We had hamburgers on the company that gave us the tickets, but hubby also bought me nachos, which are my go-to concession food at any event, so that was fun. And I was actually kind of bummed we had to leave, even though my feet didn’t thaw out until several hours after we got home (and yes, I was wearing socks and tennis shoes – the first time I dug my birks out this year was July 4th). I’d like to attend once when the weather’s nice enough to stay out the whole evening comfortably.

Believe it or not, when I got home, I was actually craving apple pie. Which is totally cheesy, but it sounded like the perfect end to that particular evening. Maybe because in high school and college, that’s what we’d do after going to something fun like that – hit Perkins for pie or a chocolate chip cookie sundae, and I was already in that nostalgic frame of mind.

Not having any pie, or the wherewithal to make a pie at that hour, I settled for a cup of warm apple cider, which pretty much hit the spot. Next time, I’ll be sure to have pie at the ready. Or convince hubby to stop for some on the way home. Perkins is right across the street from the ball park, after all….


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Monday Musings: On Small Talk, Being Social & Community

Like most introverts, I’m not overly fond of small talk. Mostly because I feel like I’m wasting time and energy on something that doesn’t seem to matter much – just noise to fill the void (which I rarely feel needs “filling”). Either that, or it feels like verbal jousting – tossing random sentences at each other until someone either scores a hit or drops the lance. Sometimes that’s fun, but often it’s tedious.

But on a sociological level, I know it does actually matter. It’s not the words so much – that’s why it’s called “small” talk, but when you commiserate/celebrate with someone about the weather or the baseball game you’re watching, or the play/concert that’s about to start, or even point someone in the direction of your favorite restaurant, you’re making a connection. And all of those brief connections add up to what we think of as “community”.

Even most introverts are happier when they feel like part of a community. Being introverted doesn’t mean you don’t need people, it means you need a lot of time to yourself. This past weekend, I really, really wanted to go to our local Renaissance Festival (and I went, and it was great fun – photo above from the jousting demo), but I paid for it too. Just being out and being around people on Saturday meant I had very little “social energy” left over for the family dinner we needed to be at on Sunday. By which I mean to say, I was pretty crabby Sunday and needed some space badly. The fact that I work in an office Mon-Fri leaves me with limited social energy on the weekends anyways (depending on who/how many people I have to interact with during any given week), and while I can normally handle one weekend day of “people” just fine, two days is too much.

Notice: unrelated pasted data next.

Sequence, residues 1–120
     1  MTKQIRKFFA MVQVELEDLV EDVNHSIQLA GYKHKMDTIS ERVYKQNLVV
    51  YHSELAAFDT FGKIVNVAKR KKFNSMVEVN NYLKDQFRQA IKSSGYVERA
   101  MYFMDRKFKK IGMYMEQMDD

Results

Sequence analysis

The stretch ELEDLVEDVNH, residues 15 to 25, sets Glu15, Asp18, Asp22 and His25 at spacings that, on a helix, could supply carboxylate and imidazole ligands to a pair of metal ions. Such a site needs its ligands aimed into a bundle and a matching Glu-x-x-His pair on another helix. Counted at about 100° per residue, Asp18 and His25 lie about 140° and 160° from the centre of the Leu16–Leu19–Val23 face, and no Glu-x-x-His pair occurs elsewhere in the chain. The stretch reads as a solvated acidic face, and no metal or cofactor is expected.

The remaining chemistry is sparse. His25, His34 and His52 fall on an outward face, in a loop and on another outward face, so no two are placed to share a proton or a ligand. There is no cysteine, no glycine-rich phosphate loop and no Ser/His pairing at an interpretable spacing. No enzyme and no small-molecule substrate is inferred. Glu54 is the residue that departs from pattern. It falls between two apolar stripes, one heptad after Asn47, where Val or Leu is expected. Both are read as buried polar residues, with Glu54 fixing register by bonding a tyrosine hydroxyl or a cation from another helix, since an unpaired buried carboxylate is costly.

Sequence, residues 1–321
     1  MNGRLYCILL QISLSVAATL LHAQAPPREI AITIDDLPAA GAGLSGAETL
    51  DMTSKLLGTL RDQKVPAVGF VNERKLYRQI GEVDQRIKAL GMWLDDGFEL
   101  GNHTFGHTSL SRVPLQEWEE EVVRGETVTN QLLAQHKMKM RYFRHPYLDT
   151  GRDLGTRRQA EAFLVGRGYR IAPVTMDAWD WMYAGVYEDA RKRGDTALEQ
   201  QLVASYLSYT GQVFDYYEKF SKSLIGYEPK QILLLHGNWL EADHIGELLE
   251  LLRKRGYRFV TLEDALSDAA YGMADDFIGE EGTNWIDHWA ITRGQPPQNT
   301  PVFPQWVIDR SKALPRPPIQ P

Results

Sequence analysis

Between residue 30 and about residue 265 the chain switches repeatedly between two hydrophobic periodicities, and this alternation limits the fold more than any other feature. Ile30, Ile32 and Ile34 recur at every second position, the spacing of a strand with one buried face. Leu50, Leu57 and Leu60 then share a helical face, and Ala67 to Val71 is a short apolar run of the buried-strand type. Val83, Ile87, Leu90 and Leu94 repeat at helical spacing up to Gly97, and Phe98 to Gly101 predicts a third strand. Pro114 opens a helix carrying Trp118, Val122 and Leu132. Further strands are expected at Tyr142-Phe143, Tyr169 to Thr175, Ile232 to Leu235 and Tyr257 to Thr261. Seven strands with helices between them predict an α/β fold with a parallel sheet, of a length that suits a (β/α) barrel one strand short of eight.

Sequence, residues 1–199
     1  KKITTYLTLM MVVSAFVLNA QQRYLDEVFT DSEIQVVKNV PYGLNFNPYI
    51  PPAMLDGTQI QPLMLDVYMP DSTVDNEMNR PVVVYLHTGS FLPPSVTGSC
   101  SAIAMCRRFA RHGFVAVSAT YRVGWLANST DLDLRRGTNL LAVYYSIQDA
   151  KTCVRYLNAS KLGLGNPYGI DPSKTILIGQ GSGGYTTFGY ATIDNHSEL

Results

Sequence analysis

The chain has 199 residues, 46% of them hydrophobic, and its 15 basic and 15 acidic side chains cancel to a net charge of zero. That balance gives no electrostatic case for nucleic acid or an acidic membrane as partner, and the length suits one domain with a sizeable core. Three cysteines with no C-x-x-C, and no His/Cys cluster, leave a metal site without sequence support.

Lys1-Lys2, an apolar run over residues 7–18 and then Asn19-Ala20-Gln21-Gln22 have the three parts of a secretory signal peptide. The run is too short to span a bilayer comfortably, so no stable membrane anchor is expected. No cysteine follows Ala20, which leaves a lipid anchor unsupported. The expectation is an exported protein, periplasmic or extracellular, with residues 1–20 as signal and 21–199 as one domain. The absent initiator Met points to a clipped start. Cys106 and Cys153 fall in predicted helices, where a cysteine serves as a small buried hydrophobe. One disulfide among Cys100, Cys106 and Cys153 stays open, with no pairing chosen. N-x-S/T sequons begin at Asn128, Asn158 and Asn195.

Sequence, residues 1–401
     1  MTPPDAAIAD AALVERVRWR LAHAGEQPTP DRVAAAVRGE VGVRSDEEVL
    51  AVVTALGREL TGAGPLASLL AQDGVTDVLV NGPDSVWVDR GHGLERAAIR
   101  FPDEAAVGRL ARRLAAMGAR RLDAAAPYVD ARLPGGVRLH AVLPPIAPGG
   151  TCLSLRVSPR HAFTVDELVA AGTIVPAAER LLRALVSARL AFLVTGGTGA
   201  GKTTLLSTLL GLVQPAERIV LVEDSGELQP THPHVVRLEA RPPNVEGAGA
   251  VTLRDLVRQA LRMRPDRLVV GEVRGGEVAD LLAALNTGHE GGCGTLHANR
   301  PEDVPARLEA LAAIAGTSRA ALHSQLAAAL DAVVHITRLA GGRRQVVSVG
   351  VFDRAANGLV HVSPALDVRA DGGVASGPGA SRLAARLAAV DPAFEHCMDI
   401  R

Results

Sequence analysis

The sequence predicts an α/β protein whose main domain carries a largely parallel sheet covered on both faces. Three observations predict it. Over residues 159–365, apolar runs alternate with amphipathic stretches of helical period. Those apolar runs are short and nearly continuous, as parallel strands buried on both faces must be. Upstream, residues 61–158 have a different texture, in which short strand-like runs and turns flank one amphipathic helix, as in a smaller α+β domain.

Yes, I know. Sounds wimpy, but it just is what it is. Personality quirks like that aren’t something you can just change…you just learn to live with them and work around them whenever possible.

In any case, I’ve been making more of an attempt to engage in brief bouts of small talk this year. Not to annoy people (I hope – I don’t really have the stamina for long convos with people I barely know, so we’re talking a few sentences, if that), but to be “friendlier” and to make connections, however brief. And I’ll freely admit, I mangle it all too often, just because…well, I am who I am, and my particular form of sarcasm/humor/wry commentary isn’t always appreciated or understood. When you’re standing in the checkout line and the woman ahead of you says hi and how are you, and you realize she’s a nun (due to the name tag), and the first thing that comes to mind is “why would someone so young have given up on sex so early?”…yeah. Small talk is a bit awkward when trying to engage the brain around that comment while keeping it from slipping out.

And certain people just make me more nervous than others (read: they make me stupid, which is insanely embarrassing)…it’s a chemical thing, and I still have no idea how to deal with that, really. Fight through it or move on quickly are the only options, it seems. The only real “cure” I think is to get to know those people on a deeper level, and that’s…difficult/impossible with someone you see once or twice total in passing, and sometimes even ill-advised, depending on the circumstances.

I’ll freely admit to being annoyed by those people who, once they have your ear, will tell you their entire life story and then just keep going…but that’s not small talk. That’s what you inflict on your friends & family (or people who connect with you on social media, implying they do actually want to know more about you)…people who already know you, and like you well enough to be interested in your rambling diatribes. A complete stranger isn’t going to appreciate that, on average.

But overall, I do find that connecting with people even on a shallow, two-sentences-in-passing type of level actually *does* make me feel happier. More like part of the “whole”, which is kind of nice, considering I’ve always been (and probably always will be) more of an outsider in general.

Do you initiate small talk with strangers? Or are you more the type to ignore those around you and just go about your business? What’s your reaction when someone initiates a brief conversation with you? Do you get irritated, or do you appreciate the attempt at a social connection, however brief?

Article of Interest: Master the Art of Small Talk with Strangers to be Happy